[PATCH] bogus sigaltstack calls by rt_sigreturn

There is a longstanding bug in the rt_sigreturn system call.
This exists in both 2.4 and 2.6, and for almost every platform.

I am referring to this code in sys_rt_sigreturn (arch/i386/kernel/signal.c):

	if (__copy_from_user(&st, &frame->uc.uc_stack, sizeof(st)))
		goto badframe;
	/* It is more difficult to avoid calling this function than to
	   call it and ignore errors.  */
	 * THIS CANNOT WORK! "&st" is a kernel address, and "do_sigaltstack()"
	 * takes a user address (and verifies that it is a user address). End
	 * result: it does exactly _nothing_.
	do_sigaltstack(&st, NULL, regs->esp);

As the comment says, this is bogus.  On vanilla i386 kernels, this is just
harmlessly stupid--do_sigaltstack always does nothing and returns -EFAULT.

However this code actually bites users on kernels using Ingo Molnar's 4G/4G
address space layout changes.  There some kernel stack address might very
well be a lovely and readable user address as well.  When that happens, we
make a sigaltstack call with some random buffer, and then the fun begins.

To my knowledge, this has produced trouble in the real world only for 4G
i386 kernels (RHEL and Fedora "hugemem" kernels) on machines that actually
have several GB of physical memory (and in programs that are actually using
sigaltstack and handling a lot of signals).  However, the same clearly
broken code has been blindly copied to most other architecture ports, and
off hand I don't know the address space details of any other well enough to
know if real kernel stack addresses and real user addresses are in fact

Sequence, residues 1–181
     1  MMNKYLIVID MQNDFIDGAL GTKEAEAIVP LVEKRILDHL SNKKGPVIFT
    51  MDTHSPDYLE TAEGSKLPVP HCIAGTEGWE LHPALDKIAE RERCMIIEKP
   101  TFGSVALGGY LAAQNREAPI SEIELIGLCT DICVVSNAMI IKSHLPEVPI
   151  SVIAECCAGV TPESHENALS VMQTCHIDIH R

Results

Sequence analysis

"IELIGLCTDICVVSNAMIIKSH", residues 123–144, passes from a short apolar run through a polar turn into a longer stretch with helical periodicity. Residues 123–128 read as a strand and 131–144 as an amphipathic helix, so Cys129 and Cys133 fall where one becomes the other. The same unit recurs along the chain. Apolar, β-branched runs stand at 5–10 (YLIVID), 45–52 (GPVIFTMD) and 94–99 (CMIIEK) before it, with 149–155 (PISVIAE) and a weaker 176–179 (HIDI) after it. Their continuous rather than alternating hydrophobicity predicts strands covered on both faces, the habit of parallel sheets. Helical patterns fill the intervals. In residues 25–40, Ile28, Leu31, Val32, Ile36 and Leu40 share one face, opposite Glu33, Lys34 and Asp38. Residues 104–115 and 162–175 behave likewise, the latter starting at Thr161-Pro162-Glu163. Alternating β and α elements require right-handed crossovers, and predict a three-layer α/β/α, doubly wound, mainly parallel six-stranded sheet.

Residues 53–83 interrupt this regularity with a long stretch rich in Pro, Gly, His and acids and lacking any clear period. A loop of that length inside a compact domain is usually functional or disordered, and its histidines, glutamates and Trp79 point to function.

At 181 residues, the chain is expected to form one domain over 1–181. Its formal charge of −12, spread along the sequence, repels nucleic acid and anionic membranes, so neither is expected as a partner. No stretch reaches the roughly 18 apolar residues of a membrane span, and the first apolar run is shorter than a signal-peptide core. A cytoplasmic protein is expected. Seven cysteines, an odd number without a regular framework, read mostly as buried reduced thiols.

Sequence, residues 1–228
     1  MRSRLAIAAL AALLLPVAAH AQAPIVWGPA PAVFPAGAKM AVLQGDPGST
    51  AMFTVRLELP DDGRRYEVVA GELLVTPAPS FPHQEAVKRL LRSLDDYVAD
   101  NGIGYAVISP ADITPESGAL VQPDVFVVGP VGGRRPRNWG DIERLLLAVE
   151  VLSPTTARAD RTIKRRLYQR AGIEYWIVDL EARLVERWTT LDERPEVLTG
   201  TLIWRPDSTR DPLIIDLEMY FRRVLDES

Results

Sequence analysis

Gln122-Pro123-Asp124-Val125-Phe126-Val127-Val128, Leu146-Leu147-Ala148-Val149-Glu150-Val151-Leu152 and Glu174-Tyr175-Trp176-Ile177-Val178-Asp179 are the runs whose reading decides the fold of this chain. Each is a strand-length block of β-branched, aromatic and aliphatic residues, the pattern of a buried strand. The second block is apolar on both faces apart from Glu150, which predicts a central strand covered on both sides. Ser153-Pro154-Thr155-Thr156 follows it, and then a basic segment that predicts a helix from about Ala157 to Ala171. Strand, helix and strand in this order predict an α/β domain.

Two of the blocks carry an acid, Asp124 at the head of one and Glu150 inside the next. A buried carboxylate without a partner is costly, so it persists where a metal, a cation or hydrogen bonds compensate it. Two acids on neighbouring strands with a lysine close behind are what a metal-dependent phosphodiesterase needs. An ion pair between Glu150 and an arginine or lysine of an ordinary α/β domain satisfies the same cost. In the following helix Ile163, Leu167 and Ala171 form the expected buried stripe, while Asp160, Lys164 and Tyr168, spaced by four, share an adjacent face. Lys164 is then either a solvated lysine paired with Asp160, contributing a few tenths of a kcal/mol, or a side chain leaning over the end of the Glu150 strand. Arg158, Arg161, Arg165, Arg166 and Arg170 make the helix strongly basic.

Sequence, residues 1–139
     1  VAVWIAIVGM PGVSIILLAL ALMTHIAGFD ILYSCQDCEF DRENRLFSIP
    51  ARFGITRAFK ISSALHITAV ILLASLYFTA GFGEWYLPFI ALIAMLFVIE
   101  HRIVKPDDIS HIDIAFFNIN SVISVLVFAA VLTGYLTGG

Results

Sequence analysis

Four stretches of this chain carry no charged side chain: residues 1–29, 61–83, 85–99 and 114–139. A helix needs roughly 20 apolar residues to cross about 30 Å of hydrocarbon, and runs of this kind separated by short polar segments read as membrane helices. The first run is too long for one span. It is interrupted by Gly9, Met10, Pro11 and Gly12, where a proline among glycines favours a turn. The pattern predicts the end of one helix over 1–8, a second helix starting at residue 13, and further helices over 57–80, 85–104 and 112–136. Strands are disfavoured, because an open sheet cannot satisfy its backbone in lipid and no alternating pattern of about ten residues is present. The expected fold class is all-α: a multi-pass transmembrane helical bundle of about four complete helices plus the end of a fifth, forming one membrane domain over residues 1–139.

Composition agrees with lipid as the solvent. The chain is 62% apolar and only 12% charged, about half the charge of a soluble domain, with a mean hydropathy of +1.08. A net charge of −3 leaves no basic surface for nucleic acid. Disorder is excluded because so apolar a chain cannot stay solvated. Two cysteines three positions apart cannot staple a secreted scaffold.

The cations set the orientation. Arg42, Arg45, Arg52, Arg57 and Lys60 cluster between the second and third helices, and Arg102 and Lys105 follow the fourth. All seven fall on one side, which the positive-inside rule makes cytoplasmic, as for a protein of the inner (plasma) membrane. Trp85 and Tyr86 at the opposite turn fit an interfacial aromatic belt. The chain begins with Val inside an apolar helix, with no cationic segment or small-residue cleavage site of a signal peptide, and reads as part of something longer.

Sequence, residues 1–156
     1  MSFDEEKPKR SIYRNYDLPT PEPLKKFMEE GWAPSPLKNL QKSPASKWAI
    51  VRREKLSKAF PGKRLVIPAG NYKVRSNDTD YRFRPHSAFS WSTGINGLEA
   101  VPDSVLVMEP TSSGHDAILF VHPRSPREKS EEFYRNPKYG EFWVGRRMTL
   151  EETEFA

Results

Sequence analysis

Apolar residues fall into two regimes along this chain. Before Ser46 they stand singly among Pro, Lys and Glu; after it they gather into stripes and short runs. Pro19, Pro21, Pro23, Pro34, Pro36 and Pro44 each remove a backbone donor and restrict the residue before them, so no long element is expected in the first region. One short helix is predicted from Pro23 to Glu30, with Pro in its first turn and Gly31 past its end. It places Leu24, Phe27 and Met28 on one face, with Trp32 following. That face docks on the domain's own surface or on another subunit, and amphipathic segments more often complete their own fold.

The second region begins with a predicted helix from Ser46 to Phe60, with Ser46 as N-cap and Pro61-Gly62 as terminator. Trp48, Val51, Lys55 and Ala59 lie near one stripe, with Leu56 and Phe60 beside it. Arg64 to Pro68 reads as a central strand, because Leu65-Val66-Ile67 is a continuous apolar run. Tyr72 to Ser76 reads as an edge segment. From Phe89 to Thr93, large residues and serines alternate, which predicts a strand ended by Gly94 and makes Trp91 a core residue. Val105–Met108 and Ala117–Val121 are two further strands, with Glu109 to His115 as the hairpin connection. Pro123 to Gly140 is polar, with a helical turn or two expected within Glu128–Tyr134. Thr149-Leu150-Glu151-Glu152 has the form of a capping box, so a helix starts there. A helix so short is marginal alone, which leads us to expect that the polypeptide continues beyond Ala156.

disjoint as they are on i386 when not using the nonstandard 4GB address
space layout.

The obvious intent of the call being there in the first place is to permit
a signal handler to diddle its ucontext_t.uc_stack before returning, and
have this effect a sigaltstack call on the signal handler return.  This is
not only an optimization vs doing the extra system call, but makes it
possible to make a sigaltstack change when that handler itself was running
on the signal stack.  AFAICT this has never actually worked before, so
certainly noone depends on it.  But the code certainly suggests that
someone intended at one time for that to be the behavior.  Thus I am
inclined to fix it so it works in that way, though it has not done so before.
It would also be reasonable enough to simply rip out the bogus call and not
have this functionality.

From the current state of code in both 2.4 and 2.6, there is no fathoming
how this broken code came about.  It's actually much simpler to just make
it work!  I can only presume that at some point in the past the sigaltstack
implementation functions were different such that this made sense.  Of the
few ports I've looked at briefly, only the ppc/pc64 porters (go paulus!)
actually tried to understand what the i386 code was doing and implemented
it correctly rather than just carefully transliterating the bug.

The patch below fixes only the i386 and x86_64 versions.  The x86_64
patches I have not actually tested.  I think each and every arch (except
ppc and ppc64) need to make the corresponding fixes as well.  Note that
there is a function to fix for each native arch, and then one for each
emulation flavor.  The details differ minutely for getting the calls right
in each emulation flavor, but I think that most or all of the arch's with
biarch/emulation support have similar enough code that each emulation
flavor's fix will look very much like the arch/x86_64/ia32/ia32_signal.c
patch here.
3 files changed